Our security is not guaranteed. And we also lack masks, gloves and sanitising products. And also in our businesses that work in our Federation there are cases of people infected from Covid 19 and then quarantined, with the resultant temporary closing of the business.” This is told us by Alessandro Bosi, from FENIOF, one of the most important association of funeral businesses in Italy.

“Everyone saw and were hit by those images about corpses taken away from Bergamo by military trucks. In these situation, like Bergamo or Bescia, were there aren’t many funeral homes, it’s enough that 2 of them stop working and the whole system collapses. And so we asked to Government, to the civil defence and to regions’ presidents for giving to funeral businesses sanitary devices, because we too can be infected by Covid 19″

– How can corpses spread virus?

“There are two problems we have to deal. A dead doesn’t breath, so it could be not dangerous anymore. When you lift it, just for putting it in the coffin, happens an unavoidable compression of the body and gas comes out. And that’s the first, but there’s another about the relation with relatives, when we have to take more than one corpse from a house. In fact, all the relatives can be virus carriers, and we have to meet them, for drafting papers and agreements about funeral, without any protection. That’s why we asked councils to active a system for processing paper online. For example, Milano’s council allows a sort of video autocertification: you can send a videomessage to the council, just with your smartphone, showing your ID to verify your identity, and talk about arrangements on cremation. I would be really useful if every Council does so (less we move and meet, less the wirus will spread), in some zones, otherwise just a member of a quarantined family, according to the law, must come to council office for giving arrangements.

National law provides for looking at the corpse for 24 hours, but now 6 hours are enough. It means that after 6 hours the corpse can be removed and putted in a coffin, after tanatoghaphy certification. In this way corpses can be moved as soon as possible from their houses or morgues. Corpses mustn’t be dressed, in order to avoid contact with relatives.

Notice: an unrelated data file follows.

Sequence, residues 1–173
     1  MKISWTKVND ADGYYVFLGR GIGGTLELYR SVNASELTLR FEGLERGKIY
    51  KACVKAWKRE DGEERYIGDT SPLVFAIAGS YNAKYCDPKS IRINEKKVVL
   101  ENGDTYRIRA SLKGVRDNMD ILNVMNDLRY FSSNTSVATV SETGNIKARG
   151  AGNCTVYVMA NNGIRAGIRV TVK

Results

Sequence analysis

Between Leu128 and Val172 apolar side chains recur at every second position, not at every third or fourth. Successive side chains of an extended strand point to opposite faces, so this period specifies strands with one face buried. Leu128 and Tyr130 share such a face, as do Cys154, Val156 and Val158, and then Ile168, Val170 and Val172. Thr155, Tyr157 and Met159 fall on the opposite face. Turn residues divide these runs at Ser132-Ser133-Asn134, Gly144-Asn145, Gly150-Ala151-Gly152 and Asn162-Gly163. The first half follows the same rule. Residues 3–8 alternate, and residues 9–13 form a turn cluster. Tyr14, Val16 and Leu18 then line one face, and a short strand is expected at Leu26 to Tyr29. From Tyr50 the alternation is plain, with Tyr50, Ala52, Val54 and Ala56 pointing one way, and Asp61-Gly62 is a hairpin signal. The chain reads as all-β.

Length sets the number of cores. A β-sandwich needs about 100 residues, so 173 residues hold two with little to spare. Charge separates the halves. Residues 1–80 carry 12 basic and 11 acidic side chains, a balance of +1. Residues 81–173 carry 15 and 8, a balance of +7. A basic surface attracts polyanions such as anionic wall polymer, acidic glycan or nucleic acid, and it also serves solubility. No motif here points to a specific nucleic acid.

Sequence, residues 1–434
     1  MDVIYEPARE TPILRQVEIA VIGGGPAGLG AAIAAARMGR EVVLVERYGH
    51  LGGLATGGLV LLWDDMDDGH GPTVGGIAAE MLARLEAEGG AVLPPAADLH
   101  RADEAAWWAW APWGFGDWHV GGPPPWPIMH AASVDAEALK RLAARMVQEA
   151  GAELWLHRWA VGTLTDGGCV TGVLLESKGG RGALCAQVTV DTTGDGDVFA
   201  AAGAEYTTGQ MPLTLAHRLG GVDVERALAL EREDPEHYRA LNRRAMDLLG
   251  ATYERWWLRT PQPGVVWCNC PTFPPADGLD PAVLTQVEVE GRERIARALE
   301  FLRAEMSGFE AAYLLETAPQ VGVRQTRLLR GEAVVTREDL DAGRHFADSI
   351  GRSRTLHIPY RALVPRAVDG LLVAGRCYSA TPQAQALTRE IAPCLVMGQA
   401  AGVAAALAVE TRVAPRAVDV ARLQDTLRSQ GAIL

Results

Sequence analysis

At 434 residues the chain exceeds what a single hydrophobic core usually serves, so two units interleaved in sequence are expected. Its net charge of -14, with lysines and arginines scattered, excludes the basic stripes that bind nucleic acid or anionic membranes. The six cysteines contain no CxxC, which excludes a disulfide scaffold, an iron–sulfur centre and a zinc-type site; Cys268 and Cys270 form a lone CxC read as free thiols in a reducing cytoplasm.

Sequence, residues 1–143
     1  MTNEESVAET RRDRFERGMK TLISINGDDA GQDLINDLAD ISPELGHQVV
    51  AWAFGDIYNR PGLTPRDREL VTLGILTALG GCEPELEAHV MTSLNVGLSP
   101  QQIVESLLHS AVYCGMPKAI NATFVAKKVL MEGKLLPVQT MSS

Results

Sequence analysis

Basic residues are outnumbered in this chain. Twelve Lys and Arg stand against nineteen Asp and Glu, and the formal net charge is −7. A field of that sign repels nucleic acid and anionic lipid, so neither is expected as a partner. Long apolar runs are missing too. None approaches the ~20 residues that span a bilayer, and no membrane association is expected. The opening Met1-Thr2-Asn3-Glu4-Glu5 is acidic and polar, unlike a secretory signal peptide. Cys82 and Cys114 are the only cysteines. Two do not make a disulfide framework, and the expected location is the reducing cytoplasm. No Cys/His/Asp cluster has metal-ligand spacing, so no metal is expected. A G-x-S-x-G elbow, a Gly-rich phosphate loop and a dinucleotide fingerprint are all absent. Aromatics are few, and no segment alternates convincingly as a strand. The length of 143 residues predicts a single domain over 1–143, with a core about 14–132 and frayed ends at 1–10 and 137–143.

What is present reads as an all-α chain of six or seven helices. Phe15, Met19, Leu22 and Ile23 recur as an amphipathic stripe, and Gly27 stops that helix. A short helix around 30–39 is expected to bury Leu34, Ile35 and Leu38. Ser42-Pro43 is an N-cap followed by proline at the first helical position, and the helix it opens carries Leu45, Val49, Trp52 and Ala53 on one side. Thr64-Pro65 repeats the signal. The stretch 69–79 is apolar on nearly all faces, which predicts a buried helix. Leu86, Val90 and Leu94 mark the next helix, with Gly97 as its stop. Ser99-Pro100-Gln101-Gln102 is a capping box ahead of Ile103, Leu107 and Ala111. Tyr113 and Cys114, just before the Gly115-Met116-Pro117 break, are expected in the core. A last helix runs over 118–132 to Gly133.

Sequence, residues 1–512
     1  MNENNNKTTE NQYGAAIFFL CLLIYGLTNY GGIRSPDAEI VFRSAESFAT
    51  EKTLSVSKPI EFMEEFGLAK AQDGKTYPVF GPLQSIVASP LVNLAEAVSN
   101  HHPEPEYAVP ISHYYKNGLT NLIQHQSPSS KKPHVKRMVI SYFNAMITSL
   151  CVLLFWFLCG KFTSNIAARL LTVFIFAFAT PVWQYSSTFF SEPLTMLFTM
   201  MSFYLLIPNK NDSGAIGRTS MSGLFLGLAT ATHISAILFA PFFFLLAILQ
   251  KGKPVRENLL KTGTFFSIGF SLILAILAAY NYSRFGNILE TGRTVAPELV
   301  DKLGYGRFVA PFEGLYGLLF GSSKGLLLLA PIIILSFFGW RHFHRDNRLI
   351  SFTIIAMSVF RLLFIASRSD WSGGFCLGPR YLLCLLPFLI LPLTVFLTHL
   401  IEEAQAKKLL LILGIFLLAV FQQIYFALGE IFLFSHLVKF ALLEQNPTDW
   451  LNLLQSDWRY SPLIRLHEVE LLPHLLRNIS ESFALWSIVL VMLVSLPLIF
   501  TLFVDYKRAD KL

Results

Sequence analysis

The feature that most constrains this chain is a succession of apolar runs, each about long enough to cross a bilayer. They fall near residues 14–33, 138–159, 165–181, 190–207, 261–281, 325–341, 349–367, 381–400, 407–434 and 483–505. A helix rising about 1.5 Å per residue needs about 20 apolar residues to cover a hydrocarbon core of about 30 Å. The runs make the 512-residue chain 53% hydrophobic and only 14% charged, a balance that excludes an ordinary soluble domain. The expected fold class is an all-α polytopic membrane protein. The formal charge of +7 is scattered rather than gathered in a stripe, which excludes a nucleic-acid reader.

It’s covered with a blank shroud and put in the coffin. Then it’s carried to graveyard. There aren’t buffers enough to know if all the dead people were infected by Covid 19, but it’s clear that a lot of corpses that we took are infected, even if we don’t know it. Every year there are 600.000 of deads. We can say that 1 every 10 dead were infected by Coivd. It’s just an approximate estimate, but it’s an impressive number. The problem is that to get into the summer when the peak of death will be already concluded. terperature now are still cold and it’s easy to manage lots of corpses in places not used to it. When temperature will be higher, there will be a sanitary problem, because rotting is shorter. Now graveyards and cremators are struggling to handle the situation, in the summer it will be worse. In Bergamo lots of coffins are left in churches, because there’s no space left. It won’t be an acceptable situation when there will be hot weather.”

NATIONAL BUSINESS
Funeral business in Italy is free entrepreneurial activity.
We need to remember it: according to the law, private graveyards can’t exist, despite for those linked to religious or congregational bodies. In Italy there are 13000 graveyards. Funeral business, in Italy, is organised in 3 parts:

Private funeral businesses